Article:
Posted by: RedaChouffani
Disaster recovery and business continuity
Hurricane Sandy recently passed the through the Northeast and left many residential and business areas in chaos. The financial impact is estimated in the range of $20 billion and climbing. Families and businesses felt the storm’s impact throughout its duration.
Several hospitals and health care organizations have been evacuated during and after the storm due to power outages and safety concerns. Many in the health care IT arena are evaluating how well prepared their organizations would be if they faced a similar problem, and most are working hard at attempting to get things back to normal.
The damage from the winds, storm surge, and standing water for days challenged every disaster recovery (DR) and business continuity plan (BCP) that was in place for many of the hospitals in the Northeast.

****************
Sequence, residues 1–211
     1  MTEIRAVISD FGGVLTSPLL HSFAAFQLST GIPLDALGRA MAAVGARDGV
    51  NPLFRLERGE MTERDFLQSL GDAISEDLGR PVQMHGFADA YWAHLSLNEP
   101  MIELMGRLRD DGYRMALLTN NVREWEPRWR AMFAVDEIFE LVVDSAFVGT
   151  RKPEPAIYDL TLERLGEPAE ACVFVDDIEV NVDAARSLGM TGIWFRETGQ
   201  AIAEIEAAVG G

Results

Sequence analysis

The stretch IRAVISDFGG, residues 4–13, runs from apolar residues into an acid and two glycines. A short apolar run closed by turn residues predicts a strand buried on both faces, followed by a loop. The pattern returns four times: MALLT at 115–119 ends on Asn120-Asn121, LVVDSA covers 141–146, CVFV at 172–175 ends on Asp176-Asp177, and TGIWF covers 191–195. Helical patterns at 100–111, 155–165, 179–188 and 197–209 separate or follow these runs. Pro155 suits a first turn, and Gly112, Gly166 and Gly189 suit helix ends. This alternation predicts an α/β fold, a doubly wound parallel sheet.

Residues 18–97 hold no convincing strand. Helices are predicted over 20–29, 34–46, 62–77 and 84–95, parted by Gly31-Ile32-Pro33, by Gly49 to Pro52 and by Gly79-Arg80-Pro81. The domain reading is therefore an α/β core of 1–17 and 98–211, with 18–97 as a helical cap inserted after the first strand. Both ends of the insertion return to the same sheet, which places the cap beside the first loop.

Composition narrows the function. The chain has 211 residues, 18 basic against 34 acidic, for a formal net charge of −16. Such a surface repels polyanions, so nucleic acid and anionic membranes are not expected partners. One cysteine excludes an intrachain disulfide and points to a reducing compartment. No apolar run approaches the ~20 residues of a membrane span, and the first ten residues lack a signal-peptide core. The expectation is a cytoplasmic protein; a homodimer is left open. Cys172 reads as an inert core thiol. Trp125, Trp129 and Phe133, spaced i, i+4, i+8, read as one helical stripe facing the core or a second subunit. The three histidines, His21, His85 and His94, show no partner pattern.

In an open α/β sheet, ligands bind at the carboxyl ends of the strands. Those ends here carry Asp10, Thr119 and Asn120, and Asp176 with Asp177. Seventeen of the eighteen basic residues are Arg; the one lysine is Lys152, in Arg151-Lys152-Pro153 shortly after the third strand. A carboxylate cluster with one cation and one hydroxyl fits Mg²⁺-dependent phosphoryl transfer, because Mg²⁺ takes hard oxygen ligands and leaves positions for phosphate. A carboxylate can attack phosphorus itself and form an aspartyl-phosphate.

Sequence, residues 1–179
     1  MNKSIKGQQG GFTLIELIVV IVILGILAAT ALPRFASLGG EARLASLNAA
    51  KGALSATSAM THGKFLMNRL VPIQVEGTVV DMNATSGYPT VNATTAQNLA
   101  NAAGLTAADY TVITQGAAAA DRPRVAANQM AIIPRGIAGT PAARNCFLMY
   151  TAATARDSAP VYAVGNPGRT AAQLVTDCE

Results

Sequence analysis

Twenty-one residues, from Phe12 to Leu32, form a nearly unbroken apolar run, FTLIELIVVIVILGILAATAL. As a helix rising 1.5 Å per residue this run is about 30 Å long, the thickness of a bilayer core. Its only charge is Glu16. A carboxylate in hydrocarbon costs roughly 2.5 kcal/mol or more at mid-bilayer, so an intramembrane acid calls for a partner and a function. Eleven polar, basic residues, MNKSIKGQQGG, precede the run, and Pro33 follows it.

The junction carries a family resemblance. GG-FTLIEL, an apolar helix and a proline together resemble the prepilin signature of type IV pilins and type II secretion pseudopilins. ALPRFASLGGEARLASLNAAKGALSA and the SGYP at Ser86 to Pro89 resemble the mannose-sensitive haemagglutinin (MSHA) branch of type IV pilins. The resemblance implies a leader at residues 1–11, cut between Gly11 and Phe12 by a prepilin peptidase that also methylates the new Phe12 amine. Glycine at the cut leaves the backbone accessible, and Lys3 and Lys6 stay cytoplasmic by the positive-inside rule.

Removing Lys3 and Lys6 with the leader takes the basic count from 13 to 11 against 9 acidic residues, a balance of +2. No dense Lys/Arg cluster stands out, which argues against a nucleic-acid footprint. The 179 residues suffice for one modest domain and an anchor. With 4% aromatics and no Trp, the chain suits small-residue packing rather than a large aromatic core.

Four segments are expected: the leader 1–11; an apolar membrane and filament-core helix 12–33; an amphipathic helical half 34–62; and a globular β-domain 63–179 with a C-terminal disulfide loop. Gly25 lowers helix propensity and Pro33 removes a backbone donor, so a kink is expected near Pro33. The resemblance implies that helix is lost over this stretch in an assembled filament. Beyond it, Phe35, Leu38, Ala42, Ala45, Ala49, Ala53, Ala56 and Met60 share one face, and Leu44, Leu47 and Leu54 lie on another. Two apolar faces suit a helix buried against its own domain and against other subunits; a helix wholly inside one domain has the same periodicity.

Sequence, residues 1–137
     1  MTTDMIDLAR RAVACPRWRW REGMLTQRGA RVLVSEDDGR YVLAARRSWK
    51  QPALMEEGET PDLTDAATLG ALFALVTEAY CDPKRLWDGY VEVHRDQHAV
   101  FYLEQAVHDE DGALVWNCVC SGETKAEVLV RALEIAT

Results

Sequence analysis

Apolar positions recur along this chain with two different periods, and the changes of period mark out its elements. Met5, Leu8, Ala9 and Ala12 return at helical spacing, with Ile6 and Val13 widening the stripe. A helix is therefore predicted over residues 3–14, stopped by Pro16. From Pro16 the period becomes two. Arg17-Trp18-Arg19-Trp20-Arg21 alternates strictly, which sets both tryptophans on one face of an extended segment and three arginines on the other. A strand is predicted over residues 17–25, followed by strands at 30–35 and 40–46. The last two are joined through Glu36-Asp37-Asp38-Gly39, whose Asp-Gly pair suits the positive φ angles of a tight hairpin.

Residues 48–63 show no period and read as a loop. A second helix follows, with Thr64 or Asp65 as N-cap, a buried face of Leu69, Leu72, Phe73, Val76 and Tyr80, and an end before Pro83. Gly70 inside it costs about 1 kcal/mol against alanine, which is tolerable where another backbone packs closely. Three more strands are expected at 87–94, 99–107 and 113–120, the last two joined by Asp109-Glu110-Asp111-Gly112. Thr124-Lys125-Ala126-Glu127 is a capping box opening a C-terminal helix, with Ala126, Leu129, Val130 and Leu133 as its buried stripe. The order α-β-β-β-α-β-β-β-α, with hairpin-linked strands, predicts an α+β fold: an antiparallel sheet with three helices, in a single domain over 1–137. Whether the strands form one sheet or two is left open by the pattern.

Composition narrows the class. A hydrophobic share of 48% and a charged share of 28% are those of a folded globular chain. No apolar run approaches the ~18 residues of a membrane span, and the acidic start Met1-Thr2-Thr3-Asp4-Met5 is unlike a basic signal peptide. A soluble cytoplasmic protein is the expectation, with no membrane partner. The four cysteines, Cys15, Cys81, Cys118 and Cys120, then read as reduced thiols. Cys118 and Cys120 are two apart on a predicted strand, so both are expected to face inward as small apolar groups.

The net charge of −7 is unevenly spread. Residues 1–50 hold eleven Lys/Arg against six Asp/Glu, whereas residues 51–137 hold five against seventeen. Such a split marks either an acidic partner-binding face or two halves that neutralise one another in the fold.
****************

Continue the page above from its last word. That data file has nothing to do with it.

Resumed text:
Considerable record losses due to the flooding were faced by facilities where they maintained patient records on paper. Those facilities are uncertain of their ability to restore operations to their practices and restore their patients’ confidence in them despite the loss of patient records.
The use of EHRs provides an effective way of storing clinical information as well as additional protections if the systems are properly deployed and DR/BCP are correctly put in place, because simply having digital records does not necessary mean the clinical information is protected.